Monthly Archives: June 2012

In defence of white bread

To call something “white bread” is the ultimate cultural put-down. Most of us have done it at some point, I imagine, yet author and academic Aaron Bobrow-Strain says we’re wrong. According to him, the invention of white bread (the food, … Continue reading

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The voice

Just heard that the great Concha Buika is playing an open-air show at Somerset House next month. Part of the River of Music festival. As long as they don’t go crazy with the amplification — a problem there in the past … Continue reading

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The way we think now

Can you be too clever? The Economist’s Prospero blog interviews Satoshi Kanazawa about his book “The Intelligence Paradox: Why the Intelligent Choice Isn’t Always the Smart One”: General intelligence is very important in modern life because our environment is almost entirely … Continue reading

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A presidential plug

David Frum’s new novel gets an endorsement from the White House. Well, almost.

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Round ball, crooked game

Much as I loathe the FA, the men-in-suits are paragons of virtue compared with the apparatchiks in charge of football in China. Corruption is rife.  Evan Osno’s dispatch in The New Yorker is a must-read: In the most senior convictions … Continue reading

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Tom Selleck’s moustache

Very, very clever. Film buff and stand-up comedian Richard Sandling puts an uncool accessory to very clever use. I caught Sandling’s regular gig at Leicester Square Theatre a while ago. Inspired, unashamedly geeky  humour.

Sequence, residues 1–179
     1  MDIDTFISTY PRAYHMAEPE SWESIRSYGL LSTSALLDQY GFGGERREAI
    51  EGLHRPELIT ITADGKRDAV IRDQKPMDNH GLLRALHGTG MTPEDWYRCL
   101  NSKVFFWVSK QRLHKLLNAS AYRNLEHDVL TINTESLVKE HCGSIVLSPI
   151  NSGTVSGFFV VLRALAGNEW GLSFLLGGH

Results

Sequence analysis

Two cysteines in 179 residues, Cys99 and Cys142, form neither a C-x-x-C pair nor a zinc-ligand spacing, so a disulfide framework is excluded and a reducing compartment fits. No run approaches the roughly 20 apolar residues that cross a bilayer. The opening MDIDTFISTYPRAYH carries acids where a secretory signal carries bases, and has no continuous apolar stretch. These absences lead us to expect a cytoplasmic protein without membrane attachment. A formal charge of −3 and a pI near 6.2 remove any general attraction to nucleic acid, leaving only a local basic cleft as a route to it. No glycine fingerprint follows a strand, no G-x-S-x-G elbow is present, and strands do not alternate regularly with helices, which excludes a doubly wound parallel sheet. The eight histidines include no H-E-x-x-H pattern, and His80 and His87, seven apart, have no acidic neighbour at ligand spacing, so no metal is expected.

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Glenn Gould’s joanna

Oh no, yet another Twitter thread that’s going to become a daily addiction….                 #glenngouldpiano

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Who created Psycho?

That’s the film, not the footballer. The death of movie critic Andrew Sarris, champion of auteur theory, prompts these thoughts from the omniverous musician-cum-blogger Ethan Iverson: Of course I have no problem canonizing Hitchcock! But to this day, most people don’t … Continue reading

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Maudlin

I took the daughter of an American friend to Oxford to give her a quick tour of the sights. We enjoyed ourselves, but the old claustrophobia still set in after a couple of hours. Even though it’s exactly thirty years … Continue reading

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How to make musicians

Awaiting the return of Dudamel & Co, Jessica Duchen wonders why music education in this country has to be such a grind: Maybe it’s no wonder that many successful British professional musicians of my acquaintance never went through the graded exam system … Continue reading

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